enpaku 早稲田大学演劇博物館

Online Exhibition

Lost in Pandemic―Theatre Adrift, Expression's New Horizons

Face Masks

The most iconic and familiar item in the coronavirus pandemic is the face mask.
Around February 2020, the number of people covering their nose and mouth began to increase, and masks disappeared from pharmacies and convenience stores. When they were finally restocked, they carried surprisingly high prices.
As the mask shortage became acute, handmade masks designed in various ways and made from a variety of materials began to appear. Members of the OSK Nippon Revue Company and costume staff of the Shiki Theatre Company made their own masks. Eventually, many theatre companies and theatres also began to produce and sell masks and mask cases of their own.
More than a year later, we are still required to wear masks when we go out. We live with our masks on even during the humid rainy season or in the intense summer heat. It is as though masks were now part of our body.
In theatres, as in the outside world, it became mandatory for staff members and audiences to wear masks or face shields. The guidelines established by the Association of Public Theaters and Halls in Japan after the first state of emergency was lifted state that masks must be worn by performers and staff members except in cases where they make the performance difficult. The guidelines created confusion among some people because the requirement that performers wear masks on stage was unprecedented.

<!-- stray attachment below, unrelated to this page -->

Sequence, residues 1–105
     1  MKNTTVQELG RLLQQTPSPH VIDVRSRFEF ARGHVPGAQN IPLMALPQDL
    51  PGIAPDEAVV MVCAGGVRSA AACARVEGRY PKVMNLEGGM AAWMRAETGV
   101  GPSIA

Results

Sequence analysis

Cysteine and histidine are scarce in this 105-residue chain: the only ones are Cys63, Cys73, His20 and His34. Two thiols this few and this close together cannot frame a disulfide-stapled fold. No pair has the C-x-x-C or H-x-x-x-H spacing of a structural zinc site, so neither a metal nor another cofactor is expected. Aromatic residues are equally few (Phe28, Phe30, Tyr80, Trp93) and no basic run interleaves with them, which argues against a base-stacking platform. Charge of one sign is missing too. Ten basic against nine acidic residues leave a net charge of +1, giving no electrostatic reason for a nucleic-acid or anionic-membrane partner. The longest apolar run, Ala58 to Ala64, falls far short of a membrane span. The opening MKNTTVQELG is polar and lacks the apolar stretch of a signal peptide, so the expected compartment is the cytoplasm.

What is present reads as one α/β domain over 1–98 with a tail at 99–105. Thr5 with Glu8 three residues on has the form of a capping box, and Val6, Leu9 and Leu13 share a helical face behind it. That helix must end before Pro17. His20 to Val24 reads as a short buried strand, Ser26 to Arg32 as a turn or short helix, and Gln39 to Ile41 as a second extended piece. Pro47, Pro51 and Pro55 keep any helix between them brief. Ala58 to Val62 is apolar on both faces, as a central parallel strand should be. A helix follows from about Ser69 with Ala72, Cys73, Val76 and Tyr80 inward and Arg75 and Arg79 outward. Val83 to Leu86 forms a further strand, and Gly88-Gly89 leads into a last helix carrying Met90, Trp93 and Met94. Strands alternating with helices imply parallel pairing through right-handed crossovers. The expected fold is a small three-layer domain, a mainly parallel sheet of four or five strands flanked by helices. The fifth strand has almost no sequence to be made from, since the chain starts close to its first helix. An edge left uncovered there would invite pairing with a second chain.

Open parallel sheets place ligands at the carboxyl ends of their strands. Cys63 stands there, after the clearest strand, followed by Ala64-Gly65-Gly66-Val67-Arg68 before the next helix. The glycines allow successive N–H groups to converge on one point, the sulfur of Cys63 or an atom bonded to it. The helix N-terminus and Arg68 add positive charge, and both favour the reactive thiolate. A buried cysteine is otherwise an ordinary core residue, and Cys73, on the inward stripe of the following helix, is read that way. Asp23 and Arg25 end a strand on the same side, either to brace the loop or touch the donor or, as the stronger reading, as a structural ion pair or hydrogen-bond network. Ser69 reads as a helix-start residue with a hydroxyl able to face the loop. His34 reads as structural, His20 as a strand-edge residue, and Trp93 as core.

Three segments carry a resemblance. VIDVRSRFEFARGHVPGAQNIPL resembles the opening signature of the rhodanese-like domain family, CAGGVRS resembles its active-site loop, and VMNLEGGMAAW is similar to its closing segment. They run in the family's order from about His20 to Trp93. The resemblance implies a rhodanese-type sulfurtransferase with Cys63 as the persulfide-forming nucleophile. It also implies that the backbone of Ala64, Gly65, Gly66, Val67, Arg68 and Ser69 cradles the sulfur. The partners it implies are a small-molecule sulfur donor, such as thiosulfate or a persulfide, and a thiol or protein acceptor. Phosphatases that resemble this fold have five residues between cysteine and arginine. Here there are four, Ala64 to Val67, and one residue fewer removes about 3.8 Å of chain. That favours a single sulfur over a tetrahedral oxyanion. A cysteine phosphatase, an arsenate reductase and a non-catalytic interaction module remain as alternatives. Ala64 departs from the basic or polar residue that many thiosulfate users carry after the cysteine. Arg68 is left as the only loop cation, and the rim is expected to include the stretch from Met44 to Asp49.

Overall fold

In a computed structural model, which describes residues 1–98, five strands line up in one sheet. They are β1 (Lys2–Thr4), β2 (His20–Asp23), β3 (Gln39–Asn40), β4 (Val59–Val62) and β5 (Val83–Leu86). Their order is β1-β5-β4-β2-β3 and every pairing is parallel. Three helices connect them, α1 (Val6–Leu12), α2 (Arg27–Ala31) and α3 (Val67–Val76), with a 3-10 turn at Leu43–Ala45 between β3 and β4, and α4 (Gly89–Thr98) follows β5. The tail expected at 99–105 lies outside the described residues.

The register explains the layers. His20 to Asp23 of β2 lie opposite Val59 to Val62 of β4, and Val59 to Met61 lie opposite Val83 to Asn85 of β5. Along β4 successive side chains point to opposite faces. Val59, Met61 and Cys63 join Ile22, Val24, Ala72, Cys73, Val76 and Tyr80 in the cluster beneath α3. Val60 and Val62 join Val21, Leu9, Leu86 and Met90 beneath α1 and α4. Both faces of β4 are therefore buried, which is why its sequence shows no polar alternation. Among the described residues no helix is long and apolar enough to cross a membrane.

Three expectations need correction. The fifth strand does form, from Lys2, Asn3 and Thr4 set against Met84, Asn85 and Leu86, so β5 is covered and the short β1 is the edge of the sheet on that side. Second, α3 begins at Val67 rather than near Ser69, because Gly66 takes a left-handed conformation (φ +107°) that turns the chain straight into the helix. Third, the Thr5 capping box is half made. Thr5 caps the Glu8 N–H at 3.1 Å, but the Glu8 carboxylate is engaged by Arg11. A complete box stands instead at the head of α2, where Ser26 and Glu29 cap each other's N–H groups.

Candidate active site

Nevertheless, this does not mean that infection-control measures are not needed for performers who speak in close proximity to one another. Negai ga Kanau Gutsugutsu Kakuteru (wish-fulfilling boiling cocktail) (『願いがかなうぐつぐつカクテル』), which was performed at the New National Theatre Tokyo after being postponed following the state of emergency declaration, co-opted the requirement that masks be worn on stage. For this play, masks were designed in such a way that they became part of the costume. Thus, unique costumes that combined practicality and style graced the stage. In the world of traditional theatre, kabuki, bunraku, and noh performers lined up wearing masks covering their nose and neck. This was an unusual sight to behold. This still continues in kabuki and noh as part of an effort to take thorough infection-control measures.

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